Hardcover, 288 pages
Published: August 4th 2015 by Margaret K. McElderry Books
I talked about the reasons you should read Of Metals and Wishes not too long ago. I hope you were convinced and have since read it and loved it. If you haven’t, there’s still time. Go on. I’ll wait.
Done? Okay. Good. Because now I have (yes, it is an obligation because I don’t see how I cannot) to talk to you about the followup to (and I’m thinking the ending of) this duology. In Of Dreams and Rust Wen finds out the nefarious plots her government has cooked up in order to subdue the rebellious Noor people. The government means to quell the rebels once and for all by using war machines that have come straight out of the Ironman movies. Wen, though she’s not living in an ideal world, is comfortable where she is. She is warm, well-fed, has the companionship of her father and Bo, the Ghost. Wen has an ambiguous relationship with Bo; she senses he wants more from her than she can give him but she cannot make herself turn away from him. She gives him friendship and he, starved as he is for affection, takes it and bides his time because Melik has been gone for more than a year at this point and there is little probability that he will return to rekindle the relationship between himself and Wen.
But then Wen finds out about the war machines and she realizes that the Noor population will be decimated by them. Her conscience will not allow her a choice so she makes her way from the place she resides to the province in which trouble is brewing. Circumstances reunite her with Melik who has changed from the boy she knew to a solider she is not certain she even recognizes. The unfolding narrative deals with their story in the context of a world on the cusp of disaster and annihilation. I really am not joking about the annihilation part.
I was most satisfied with this sequel. The writing is straight up gorgeous. The pacing is quick and on point as the narrative is full of tension. For all that the book is slim (only about 277 pages) the story is fully explored and elaborated upon to the limits of the world created. What I mean by that is there are no stones left unturned if you will pardon the oft-used adage.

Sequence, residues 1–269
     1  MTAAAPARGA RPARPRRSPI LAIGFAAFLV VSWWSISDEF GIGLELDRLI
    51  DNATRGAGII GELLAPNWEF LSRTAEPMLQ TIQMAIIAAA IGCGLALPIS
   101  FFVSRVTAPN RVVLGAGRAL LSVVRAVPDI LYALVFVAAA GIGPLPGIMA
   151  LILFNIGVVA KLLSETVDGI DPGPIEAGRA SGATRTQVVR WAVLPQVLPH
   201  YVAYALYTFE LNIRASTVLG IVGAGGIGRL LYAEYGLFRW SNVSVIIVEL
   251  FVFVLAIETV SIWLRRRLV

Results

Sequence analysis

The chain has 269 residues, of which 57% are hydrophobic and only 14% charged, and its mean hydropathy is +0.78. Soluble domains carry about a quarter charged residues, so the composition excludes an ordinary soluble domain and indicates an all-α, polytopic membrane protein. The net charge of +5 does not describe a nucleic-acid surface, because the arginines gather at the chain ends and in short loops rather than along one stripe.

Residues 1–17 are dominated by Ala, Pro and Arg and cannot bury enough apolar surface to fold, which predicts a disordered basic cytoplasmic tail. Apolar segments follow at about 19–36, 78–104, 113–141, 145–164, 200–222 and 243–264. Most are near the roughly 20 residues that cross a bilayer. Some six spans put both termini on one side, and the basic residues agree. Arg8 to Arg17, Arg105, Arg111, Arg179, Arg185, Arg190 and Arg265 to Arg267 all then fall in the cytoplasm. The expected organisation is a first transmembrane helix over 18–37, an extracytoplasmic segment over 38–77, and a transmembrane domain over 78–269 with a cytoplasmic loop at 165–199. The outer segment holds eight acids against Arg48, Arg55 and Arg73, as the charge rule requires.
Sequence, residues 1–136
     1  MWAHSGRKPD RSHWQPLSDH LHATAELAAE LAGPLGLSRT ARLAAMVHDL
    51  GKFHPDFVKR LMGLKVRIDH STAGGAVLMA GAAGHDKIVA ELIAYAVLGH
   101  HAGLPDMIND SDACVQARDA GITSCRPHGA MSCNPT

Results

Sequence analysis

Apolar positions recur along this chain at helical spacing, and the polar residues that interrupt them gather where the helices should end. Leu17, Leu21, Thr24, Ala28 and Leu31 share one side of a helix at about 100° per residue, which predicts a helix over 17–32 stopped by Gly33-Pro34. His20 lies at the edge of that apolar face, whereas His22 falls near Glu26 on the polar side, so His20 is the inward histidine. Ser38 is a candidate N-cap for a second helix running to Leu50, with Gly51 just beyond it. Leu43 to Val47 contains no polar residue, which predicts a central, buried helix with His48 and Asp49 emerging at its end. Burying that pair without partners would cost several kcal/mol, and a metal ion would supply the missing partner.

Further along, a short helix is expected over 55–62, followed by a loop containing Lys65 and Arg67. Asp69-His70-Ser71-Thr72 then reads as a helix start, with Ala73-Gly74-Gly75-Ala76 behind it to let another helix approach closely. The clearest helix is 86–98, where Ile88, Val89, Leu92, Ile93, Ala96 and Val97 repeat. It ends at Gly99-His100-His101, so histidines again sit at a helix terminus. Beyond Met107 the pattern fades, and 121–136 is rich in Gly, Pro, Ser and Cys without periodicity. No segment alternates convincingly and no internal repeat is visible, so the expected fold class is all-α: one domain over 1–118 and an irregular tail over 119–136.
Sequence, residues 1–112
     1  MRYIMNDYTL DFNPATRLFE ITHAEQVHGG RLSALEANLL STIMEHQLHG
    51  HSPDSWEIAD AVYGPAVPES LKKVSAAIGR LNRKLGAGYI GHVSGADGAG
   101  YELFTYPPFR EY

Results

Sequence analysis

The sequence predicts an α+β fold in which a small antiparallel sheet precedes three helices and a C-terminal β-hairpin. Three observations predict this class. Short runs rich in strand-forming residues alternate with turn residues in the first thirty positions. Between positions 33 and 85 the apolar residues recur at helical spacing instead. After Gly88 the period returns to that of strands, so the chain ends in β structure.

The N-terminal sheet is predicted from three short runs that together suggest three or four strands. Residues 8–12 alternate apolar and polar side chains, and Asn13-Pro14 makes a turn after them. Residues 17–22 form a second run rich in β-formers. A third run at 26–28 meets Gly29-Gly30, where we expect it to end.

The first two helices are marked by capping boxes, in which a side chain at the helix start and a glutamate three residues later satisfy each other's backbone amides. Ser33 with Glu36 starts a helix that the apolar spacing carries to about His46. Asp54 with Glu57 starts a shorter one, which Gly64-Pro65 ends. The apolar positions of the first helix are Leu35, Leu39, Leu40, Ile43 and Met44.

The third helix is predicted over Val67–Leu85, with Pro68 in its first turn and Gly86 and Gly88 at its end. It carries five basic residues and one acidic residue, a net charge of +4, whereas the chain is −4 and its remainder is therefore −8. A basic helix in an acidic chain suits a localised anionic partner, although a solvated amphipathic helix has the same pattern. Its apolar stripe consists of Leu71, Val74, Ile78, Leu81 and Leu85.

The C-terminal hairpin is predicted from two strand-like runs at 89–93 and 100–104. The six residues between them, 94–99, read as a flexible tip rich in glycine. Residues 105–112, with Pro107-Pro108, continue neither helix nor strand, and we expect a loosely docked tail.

I loved Wen; she is an ordinary girl who shows extraordinary courage in extenuating situations. She may not be physically strong or intellectually brilliant but she has inordinate heart and an awareness of her self and her world that is remarkably fresh. I liked the fact that the romance is shown as important but accompanying the feels is the realization (somber though it is) of war and suffering. I particularly loved the Noor tradition of carpe diem because there is no guarantee that safer days lie in the future. Don’t hoard happiness; feel it, live it, express it. A grand way to live, I say.
The love triangle, such as it is, is masterfully managed. Wen is very clear about who she prefers but this doesn’t mean there aren’t softer moments between her and Bo (oops? But come on, you all knew). For instance, she says in response to Bo’s increasing desire to recreate himself as a machine:
“…Please hold on to the parts of you that I loved. Please do not kill them. You’ll want to. You’ll want to cut them away and burn them. But if you do, I’ll be gone forever. It is in those parts of you that I’ll live. And if you keep them safe, I’ll always be with you. I’ll never leave again. As long as you hold on to them. Please.”
So yes, the romance is well done. But I think what, ultimately, won me over was the portrayal of war, the savagery of it, the futility of it. Wen is put in a position where no matter who or which side she chooses people will suffer. The book manages to show without being preachy or didactic, how war perverts even the best intentions and how the people who die can be separated into individuals and not just a mass with a one face. Wen, who belongs to the privileged, sees how the enemy lives and is once again forced to reevaluate her preconceived notions.
“I knew Yilat was poor, but I had little idea what this kind of poverty really looked like. In the Ring, it is sagging skin and bent backs and a bowl outstretched for a coin. It is grasping and groping and hustling and stealing, a bun swiped and stuffed into a starving mouth before the vendor notices, a penny pinched from a pocket followed by a sprint into an alley. In Yilat poverty looks different. There is no movement to it at all. It is wary gazes and complete stillness. Gaunt and hollow.”
The book packs a punch and I enjoyed it a lot. It is a difficult book to classify. It is not quite dystopian and not quite fantasy. What it is, however, is very good. If I haven’t convinced you yet, I don’t know what else I can do. Because seriously, read these books.